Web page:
Thanks to a new website from the universities of Southampton and Reading, you can now check whether any of your ancestors were related to soldiers that fought in the Hundred Years War. The site, called The Soldier in Later Medieval England, offers a database of over 3,500 French soldiers who fought in or were associated with 1415's Battle of Agincourt. There are also about 250,000 English soldiers who fought in the war.
The collection of names and historical details is actually the single largest database of Medieval individuals. The Soldier in Later Medieval England is an ongoing project. This latest addition was sponsored by the Agincourt 600 charity, as well as the universities themselves.
"It is fitting that this new resource has been made available following the major 600th anniversary commemorations of Agincourt in 2015, in which our university played a key role," said professor Anne Curry, the Dean of Humanities at the University of Southampton and Director of the Soldier in Later Medieval England. "The Medieval Soldier website has already proved an invaluable resource for genealogists and people interested in social, political and military history. This new data will help us to reach out to new users and shed fresh light on the Hundred Years War."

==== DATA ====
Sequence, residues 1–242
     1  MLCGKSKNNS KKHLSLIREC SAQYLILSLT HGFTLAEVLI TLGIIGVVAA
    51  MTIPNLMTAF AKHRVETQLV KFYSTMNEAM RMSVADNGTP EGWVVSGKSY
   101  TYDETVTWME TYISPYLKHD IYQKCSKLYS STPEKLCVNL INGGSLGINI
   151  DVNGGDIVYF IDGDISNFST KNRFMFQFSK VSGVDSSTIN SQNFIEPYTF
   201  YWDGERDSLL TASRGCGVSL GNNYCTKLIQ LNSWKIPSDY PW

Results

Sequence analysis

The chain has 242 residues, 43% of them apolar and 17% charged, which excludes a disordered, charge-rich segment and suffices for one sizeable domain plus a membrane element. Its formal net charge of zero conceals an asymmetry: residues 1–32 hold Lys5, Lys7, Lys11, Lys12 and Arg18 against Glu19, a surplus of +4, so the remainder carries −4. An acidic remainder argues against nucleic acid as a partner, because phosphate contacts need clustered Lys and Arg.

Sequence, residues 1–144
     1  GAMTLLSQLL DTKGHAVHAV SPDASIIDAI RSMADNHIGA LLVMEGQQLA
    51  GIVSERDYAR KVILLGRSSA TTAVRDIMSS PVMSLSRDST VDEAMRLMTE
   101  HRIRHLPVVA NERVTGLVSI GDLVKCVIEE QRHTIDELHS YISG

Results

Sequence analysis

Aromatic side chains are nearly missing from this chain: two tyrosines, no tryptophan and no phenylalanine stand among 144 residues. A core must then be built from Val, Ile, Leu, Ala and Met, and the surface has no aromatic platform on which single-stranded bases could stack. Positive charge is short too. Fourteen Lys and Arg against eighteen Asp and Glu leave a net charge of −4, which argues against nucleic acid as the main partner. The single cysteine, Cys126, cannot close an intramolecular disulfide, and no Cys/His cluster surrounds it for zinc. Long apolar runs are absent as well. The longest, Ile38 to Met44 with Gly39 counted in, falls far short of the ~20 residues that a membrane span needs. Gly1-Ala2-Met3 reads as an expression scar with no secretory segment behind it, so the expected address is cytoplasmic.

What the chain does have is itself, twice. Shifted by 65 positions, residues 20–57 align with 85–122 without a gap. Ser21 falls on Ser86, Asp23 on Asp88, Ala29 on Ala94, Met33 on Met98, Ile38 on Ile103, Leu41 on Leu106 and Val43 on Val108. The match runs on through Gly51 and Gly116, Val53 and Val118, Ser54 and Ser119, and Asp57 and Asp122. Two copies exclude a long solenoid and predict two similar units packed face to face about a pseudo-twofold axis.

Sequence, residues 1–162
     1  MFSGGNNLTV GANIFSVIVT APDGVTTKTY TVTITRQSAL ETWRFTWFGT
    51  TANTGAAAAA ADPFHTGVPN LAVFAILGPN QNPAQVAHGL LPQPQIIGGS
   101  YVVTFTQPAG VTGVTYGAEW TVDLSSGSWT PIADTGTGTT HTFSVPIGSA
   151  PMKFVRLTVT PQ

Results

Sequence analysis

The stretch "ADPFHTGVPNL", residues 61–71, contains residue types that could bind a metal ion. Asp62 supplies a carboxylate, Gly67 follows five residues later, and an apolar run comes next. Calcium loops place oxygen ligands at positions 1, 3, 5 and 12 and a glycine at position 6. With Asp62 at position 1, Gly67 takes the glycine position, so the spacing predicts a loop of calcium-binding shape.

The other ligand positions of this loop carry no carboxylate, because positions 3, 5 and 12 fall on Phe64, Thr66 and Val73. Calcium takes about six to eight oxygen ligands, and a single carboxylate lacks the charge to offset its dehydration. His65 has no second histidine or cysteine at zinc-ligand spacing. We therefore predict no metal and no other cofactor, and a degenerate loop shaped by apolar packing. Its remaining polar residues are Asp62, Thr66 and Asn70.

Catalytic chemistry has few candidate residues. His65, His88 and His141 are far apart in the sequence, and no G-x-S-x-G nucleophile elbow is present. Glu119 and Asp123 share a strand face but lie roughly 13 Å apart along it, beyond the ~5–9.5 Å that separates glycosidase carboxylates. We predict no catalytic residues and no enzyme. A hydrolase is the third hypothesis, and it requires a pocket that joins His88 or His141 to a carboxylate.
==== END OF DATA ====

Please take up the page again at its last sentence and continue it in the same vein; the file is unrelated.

The data are a bit blood-soaked. Five hundred and fifty of the French soldiers added to the database died in battle. Dr. Rémy Ambühl of Southampton has also done research that shows about three hundred of them were held for ransom or taken prisoner at some point.
"Our newly developed interface interrogates sources found in many different archive repositories in England and France," says professor Adrian Bell of the University of Reading, a co-director of project. "Without our site, searching for this information would require many visits to the National Archives of both England and France, the British Library and Bibliothèque nationale and all of the Archives Départementales in Normandy."
The project was originally sponsored by the Arts and Humanities Research Council, and website was originally launched in 2009 after three years of research and development. They collected the names from pay audit documents for soldiers, as well as letters of protection soldiers purchased from the Chancery to insure themselves against legal action while they were fighting abroad.
So if you are at all curious whether or not one of your ancestors may have been one of the Lucky Few, it's worth checking. The site also offers biographies of every English captain of 1415. Who knows, maybe you're descended from an officer.